So I bought a copy of XP Home Upgrade from someone who had a Win2k installation and realized only too late that you need either an installation of Win98 or Win98se or Win95 or WinME OR an official CD for one of the above or Win2k. They fell into a corner case--Win2k was installed, but they didn't have the CD. They couldn't install it because of an arbitrary restriction, and they couldn't return the (now-open) box. Even before I started installing XP, I started understanding a bit better the aversion some have for commercial software.

That feeling continued through the next while of setting up and installing things. True, all the drivers and utilities for my hardware were relatively up-to-date and polished. But it seemed to me like many of the things Windows does or wants to do are not for my benefit. Activation, for example. And setting up Windows Media Player and telling it NOT to send any information. And Windows Genuine Advantage, for the naming of which all of MS management ought to be drawn and quartered.

Granted, for the normal user, these things aren't any sort of big deal. I understand that Microsoft want to reduce piracy, and I have no issue with that. Even setting aside the "punish the customers, let the pirates go free" situation that results from WGA, DRM, and similar efforts, I still have issues with Microsoft poking around my hard drive. The necessity of installing anti-virus software is also annoying. Normally, I'd create a limited user account and use that, but so many applications require an administrator account that it's impractical. I miss sudo. I miss being able to update everything on my system at once, without having to download executables and run them individually. I miss compiz (I had problems paying half price for XP--you think I'm gonna spend money for Vista's eye candy?!). I don't have any alternative at the moment, though, so until there is a reliable and easy way to get my video card working under Linux, I'll be using XP. I don't hate it. In fact, I know how to work with XP better than I do with Ubuntu. It's just....less comfortable.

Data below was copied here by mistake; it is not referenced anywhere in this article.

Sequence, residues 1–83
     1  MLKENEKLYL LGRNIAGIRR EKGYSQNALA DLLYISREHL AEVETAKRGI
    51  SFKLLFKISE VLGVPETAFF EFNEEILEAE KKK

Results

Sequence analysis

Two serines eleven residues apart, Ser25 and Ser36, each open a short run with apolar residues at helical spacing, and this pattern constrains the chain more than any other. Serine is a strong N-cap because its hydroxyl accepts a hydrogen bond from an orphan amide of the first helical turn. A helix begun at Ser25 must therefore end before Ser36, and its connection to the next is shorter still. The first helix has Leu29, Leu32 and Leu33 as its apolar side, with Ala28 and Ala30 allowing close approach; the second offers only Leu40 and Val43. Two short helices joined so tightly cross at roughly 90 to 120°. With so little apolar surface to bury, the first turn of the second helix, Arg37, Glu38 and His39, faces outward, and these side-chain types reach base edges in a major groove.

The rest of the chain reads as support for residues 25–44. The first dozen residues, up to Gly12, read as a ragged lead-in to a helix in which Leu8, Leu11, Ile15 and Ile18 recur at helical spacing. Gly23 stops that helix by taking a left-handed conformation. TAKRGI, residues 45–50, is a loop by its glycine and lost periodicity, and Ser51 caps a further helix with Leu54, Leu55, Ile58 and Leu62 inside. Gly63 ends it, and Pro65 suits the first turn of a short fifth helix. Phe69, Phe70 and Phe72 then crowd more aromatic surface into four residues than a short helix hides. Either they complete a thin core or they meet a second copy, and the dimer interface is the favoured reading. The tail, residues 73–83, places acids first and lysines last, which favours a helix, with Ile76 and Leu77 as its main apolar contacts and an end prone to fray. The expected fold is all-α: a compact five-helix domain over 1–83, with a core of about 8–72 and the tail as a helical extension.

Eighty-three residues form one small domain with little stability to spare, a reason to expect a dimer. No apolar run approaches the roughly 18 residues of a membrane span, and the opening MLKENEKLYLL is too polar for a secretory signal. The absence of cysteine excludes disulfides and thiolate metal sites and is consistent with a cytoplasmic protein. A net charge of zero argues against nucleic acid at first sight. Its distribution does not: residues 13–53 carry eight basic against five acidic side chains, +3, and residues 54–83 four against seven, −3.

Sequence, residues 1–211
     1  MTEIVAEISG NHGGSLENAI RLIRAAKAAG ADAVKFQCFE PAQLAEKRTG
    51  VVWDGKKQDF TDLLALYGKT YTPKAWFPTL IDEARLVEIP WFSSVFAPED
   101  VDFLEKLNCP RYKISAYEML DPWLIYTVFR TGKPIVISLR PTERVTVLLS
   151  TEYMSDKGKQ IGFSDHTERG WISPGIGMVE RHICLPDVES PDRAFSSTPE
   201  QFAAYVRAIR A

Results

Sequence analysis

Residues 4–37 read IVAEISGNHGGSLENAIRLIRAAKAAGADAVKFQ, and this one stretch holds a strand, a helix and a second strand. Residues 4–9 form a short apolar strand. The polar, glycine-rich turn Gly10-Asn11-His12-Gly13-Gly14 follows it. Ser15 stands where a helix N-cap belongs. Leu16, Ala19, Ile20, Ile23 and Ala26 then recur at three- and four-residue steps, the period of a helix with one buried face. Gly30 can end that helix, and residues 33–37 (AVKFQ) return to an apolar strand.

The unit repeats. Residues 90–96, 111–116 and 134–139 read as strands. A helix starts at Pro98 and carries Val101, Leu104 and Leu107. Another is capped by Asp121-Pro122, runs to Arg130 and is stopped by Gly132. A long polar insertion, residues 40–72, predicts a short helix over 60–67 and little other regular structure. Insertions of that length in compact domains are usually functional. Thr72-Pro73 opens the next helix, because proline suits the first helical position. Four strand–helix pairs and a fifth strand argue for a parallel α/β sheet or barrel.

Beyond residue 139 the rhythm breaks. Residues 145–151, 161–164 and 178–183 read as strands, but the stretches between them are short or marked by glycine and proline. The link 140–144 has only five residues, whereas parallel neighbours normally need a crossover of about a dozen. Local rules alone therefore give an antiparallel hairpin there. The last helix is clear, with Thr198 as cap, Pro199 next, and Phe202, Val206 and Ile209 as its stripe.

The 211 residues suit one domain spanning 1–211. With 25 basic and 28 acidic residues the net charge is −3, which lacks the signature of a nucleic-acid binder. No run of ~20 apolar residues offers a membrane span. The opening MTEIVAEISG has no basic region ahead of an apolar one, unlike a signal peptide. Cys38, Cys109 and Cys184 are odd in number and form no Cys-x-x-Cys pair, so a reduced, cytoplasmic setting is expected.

Here's hoping Hardy Heron brings me luck. Three months to go...

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Gadget Feature Request #4

LehiNephi LehiNephi writes  |  more than 7 years ago Gadget: Digital picture frames
Feature: Dimensions that reflect the reality of photography

At some time in the near future, I would like to buy my wife a digital picture frame. I started looking around, and found, to my utter consternation, that a vast majority of the under-$100 picture frames are widescreen. Yes, nearly all of them sport a screen with a resolution of 480x234. How many people actually take pictures with that sort of aspect ratio? I'd venture to say practically none. Nearly every digital camera defaults to taking photographs with a 3:2 aspect ratio. Widescreen LCDs are great for movies, yes, and some of these frames can do that. But for their primary purpose, i.e. displaying photographs, they are singularly unfit.

Let's take that 480x234 panel as an example. In the ideal case, we would have a photograph 1) displayed in its entirety (no cropping), 2) fill the whole screen, and 3) maintain its aspect ratio. With these devices, however, you get to choose two.

What were they thinking when they designed these?

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Ideas for a dream house